I suspect it is like anything, folks fear what they don’t know and they disparage that which intimidates them. They put others down for engaging in something that they either don’t understand or that threatens their own egos. For Matt Gaetz and his fellow misogynists – rabble-rousing, educated women are a certainly a threat – because those women can’t be as easily manipulated into believing that they are less than. They can’t be swayed into accepting lower wages or heavier workloads than their male counterparts. They may, gasp, convince other women to seek out the training and education that breaks the economic chains that keep so many women tied to shitty men. For far too long our country has kept women and mothers from the workplace through formal laws or informal but equally powerful cultural norms, all while devaluing the work mothers do inside the home. They convince young women that they don’t need school and they do this because knowledge and education often lead to economic independence, and an independent woman doesn’t need a man for financial support. If women cease to need men, then they get to start wanting them, choosing them out of desire, not necessity.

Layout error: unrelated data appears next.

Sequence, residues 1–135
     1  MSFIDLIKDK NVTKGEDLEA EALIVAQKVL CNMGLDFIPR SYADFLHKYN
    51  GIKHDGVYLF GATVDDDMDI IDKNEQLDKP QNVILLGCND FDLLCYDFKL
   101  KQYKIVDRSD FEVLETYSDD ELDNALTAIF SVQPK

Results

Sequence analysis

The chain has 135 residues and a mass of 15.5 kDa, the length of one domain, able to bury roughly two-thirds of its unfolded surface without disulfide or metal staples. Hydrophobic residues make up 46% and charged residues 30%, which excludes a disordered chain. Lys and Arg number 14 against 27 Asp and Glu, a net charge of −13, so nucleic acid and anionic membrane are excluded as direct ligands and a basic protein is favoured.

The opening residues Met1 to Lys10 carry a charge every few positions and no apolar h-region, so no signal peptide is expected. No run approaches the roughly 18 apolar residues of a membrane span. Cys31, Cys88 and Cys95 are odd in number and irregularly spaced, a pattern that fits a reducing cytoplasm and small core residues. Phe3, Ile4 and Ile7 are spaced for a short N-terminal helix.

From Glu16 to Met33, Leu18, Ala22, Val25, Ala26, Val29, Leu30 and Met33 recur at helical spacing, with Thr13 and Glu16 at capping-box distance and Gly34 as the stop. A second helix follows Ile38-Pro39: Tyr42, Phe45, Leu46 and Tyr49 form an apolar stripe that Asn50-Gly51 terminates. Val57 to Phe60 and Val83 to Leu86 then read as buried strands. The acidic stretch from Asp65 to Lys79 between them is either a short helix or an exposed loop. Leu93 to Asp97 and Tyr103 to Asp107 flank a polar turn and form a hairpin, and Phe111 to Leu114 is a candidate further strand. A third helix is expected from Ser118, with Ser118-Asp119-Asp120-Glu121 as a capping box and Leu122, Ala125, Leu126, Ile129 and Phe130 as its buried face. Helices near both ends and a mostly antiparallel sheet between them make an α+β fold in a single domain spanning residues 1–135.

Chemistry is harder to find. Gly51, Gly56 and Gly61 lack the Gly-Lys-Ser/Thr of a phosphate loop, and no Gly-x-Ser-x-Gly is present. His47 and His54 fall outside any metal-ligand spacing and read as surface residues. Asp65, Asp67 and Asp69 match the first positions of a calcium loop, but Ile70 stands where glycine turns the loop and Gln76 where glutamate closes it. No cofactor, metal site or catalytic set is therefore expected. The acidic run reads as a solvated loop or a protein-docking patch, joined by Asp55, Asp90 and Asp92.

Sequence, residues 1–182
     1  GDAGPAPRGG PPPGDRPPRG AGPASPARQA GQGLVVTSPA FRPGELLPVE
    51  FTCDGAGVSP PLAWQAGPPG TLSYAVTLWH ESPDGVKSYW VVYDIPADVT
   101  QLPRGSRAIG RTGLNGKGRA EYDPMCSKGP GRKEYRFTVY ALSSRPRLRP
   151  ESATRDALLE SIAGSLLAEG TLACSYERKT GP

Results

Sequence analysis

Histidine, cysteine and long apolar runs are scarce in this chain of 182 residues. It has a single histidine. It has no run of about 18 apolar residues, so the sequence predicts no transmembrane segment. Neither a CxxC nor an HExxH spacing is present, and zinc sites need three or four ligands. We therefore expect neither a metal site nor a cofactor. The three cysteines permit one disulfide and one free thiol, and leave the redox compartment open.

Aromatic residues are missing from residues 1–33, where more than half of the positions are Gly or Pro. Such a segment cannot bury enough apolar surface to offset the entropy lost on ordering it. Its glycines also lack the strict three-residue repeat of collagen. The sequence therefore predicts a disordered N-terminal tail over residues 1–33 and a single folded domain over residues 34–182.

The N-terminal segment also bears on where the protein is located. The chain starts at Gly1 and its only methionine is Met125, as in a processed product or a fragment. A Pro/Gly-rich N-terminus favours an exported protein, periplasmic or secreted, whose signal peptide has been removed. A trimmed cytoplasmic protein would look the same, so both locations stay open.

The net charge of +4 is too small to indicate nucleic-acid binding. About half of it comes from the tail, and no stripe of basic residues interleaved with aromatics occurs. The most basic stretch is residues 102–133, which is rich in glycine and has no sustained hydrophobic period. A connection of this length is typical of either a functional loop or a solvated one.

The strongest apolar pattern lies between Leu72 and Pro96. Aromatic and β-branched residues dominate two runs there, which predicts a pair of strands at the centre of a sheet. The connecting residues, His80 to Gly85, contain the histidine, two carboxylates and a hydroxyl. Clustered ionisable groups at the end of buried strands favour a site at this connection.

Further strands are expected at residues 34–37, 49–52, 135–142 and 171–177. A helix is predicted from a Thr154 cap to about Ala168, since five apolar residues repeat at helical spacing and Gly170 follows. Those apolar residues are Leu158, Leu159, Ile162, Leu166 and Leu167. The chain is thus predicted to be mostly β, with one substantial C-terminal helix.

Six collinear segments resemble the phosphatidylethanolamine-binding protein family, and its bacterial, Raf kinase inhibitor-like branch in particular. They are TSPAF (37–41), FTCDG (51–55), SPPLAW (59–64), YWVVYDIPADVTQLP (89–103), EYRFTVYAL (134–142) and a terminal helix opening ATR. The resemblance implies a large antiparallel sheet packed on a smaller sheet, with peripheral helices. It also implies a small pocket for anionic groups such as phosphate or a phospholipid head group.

I suspect men like Matt Gaetz understand this threat – understand that if the calculation changes, if they are no longer needed, they’ll also no longer be chosen. Then where will they be? Alone.
And if they can’t keep women from seeking out knowledge through laws, they’ll try and convince everyone that an educated woman is someone to be mocked, disparaged, and otherwise avoided. They’ll teach young girls to minimize their education in efforts to be more desirable to men like them.
I’ve been teased my entire life about my education, but only recently has that teasing been delivered with a more menacing, and often political, tone. “Book smart, common sense stupid,” a common slam growing up in a rural blue collar town. As I grew up, I got the sense that this was a preemptive attack. It was meant to counter any possibility that, along with a degree, I also acquired a belief that I was better than someone who chose a different path.